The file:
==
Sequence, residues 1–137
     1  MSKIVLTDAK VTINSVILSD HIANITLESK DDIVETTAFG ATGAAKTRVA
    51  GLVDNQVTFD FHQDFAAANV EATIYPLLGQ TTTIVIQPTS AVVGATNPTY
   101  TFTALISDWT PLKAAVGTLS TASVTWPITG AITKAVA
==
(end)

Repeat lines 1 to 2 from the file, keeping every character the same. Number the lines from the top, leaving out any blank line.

Sequence, residues 1–137
     1  MSKIVLTDAK VTINSVILSD HIANITLESK DDIVETTAFG ATGAAKTRVA